The Silicon Power P34A80 SSD Review: Phison E12 With Newer Firmwareby Billy Tallis on February 28, 2019 10:00 AM EST
Power Management Features
Real-world client storage workloads leave SSDs idle most of the time, so the active power measurements presented earlier in this review only account for a small part of what determines a drive's suitability for battery-powered use. Especially under light use, the power efficiency of a SSD is determined mostly be how well it can save power when idle.
For many NVMe SSDs, the closely related matter of thermal management can also be important. M.2 SSDs can concentrate a lot of power in a very small space. They may also be used in locations with high ambient temperatures and poor cooling, such as tucked under a GPU on a desktop motherboard, or in a poorly-ventilated notebook.
|Silicon Power P34A80
NVMe Power and Thermal Management Features
|1.0||Number of operational (active) power states||3|
|1.1||Number of non-operational (idle) power states||2|
|Autonomous Power State Transition (APST)||Supported|
|1.2||Warning Temperature||70 °C|
|Critical Temperature||90 °C|
|1.3||Host Controlled Thermal Management||Supported|
|Non-Operational Power State Permissive Mode||Not Supported|
The supported power features on the Silicon Power P34A80 are the same as on the earlier 11.0 firmware. The maximum power figures for the active power states are the same relatively high limits found on the Corsair Force MP510, rather than the lower values seen on our earlier reference design engineering sample from Phison.
|Silicon Power P34A80
NVMe Power States
|PS 0||10.73 W||Active||-||-|
|PS 1||7.69 W||Active||-||-|
|PS 2||6.18 W||Active||-||-|
|PS 3||49 mW||Idle||2 ms||2 ms|
|PS 4||1.8 mW||Idle||25 ms||25 ms|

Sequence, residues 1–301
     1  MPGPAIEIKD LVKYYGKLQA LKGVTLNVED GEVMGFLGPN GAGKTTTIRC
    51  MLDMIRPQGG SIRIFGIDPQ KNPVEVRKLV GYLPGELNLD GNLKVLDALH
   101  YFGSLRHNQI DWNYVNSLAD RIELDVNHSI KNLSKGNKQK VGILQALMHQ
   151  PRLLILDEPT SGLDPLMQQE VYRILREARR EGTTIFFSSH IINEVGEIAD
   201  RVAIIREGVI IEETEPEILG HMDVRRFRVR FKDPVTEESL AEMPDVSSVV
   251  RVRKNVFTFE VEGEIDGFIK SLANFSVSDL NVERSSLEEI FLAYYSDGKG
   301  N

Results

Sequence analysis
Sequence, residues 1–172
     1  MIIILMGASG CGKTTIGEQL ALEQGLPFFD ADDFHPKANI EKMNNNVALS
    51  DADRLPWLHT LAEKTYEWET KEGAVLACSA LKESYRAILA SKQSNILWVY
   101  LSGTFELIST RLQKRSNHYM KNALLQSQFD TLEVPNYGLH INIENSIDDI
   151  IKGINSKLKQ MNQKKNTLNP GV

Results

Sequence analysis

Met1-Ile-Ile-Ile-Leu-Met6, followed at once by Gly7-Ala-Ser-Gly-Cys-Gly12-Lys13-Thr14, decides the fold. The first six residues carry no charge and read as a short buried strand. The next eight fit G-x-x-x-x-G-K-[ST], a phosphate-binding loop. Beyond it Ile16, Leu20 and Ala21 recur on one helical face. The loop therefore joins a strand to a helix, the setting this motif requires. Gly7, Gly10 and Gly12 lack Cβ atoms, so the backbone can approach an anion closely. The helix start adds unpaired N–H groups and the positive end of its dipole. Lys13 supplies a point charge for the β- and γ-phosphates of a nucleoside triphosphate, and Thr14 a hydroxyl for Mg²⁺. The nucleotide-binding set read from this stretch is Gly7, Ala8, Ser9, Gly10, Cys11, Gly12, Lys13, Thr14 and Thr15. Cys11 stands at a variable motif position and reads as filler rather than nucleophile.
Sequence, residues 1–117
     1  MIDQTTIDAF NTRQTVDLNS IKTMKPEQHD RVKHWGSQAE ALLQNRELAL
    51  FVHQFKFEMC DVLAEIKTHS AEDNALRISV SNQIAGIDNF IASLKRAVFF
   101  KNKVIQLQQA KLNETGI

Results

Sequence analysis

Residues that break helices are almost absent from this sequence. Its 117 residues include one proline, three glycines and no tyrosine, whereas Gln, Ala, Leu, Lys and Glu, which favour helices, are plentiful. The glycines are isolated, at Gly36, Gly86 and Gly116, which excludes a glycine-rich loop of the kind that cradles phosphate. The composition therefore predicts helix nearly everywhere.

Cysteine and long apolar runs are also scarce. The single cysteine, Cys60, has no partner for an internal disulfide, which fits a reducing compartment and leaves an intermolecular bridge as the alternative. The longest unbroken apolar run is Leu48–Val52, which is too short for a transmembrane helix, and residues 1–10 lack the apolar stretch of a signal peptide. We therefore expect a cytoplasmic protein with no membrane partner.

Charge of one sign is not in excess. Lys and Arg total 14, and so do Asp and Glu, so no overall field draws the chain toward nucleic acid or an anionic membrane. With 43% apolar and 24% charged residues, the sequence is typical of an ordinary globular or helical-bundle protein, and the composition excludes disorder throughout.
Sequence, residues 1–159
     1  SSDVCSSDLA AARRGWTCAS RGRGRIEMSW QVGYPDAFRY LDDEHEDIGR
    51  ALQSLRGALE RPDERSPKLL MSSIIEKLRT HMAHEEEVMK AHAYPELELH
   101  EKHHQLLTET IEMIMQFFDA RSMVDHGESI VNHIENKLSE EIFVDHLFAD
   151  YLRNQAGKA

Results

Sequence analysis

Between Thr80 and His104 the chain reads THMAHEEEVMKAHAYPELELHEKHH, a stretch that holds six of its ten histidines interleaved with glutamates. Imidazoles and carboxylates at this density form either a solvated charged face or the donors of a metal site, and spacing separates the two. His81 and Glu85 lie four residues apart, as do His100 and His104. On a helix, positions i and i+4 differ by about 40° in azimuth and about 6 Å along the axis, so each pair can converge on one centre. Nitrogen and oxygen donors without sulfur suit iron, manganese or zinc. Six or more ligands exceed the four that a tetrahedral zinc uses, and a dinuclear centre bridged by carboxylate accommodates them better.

Note that the above tables reflect only the information provided by the drive to the OS. The power and latency numbers are often very conservative estimates, but they are what the OS uses to determine which idle states to use and how long to wait before dropping to a deeper idle state.
Idle Power Measurement
SATA SSDs are tested with SATA link power management disabled to measure their active idle power draw, and with it enabled for the deeper idle power consumption score and the idle wake-up latency test. Our testbed, like any ordinary desktop system, cannot trigger the deepest DevSleep idle state.
Idle power management for NVMe SSDs is far more complicated than for SATA SSDs. NVMe SSDs can support several different idle power states, and through the Autonomous Power State Transition (APST) feature the operating system can set a drive's policy for when to drop down to a lower power state. There is typically a tradeoff in that lower-power states take longer to enter and wake up from, so the choice about what power states to use may differ for desktop and notebooks.
We report two idle power measurements. Active idle is representative of a typical desktop, where none of the advanced PCIe link or NVMe power saving features are enabled and the drive is immediately ready to process new commands. The idle power consumption metric is measured with PCIe Active State Power Management L1.2 state enabled and NVMe APST enabled if supported.
The P34A80 has slightly higher active idle power consumption than the Corsair MP510, but still lower than any high-end NVMe drive using a competing controller. The idle power consumption is unchanged, leaving the Phison E12 with good power management but not quite the best achievable on our desktop testbed.
The P34A80 is slightly slower to wake up from idle than the Corsair MP510, but at under 3ms it's still plenty fast, and otherwise is only really beat by drives that are unable to reach a deep idle state on our desktop testbed.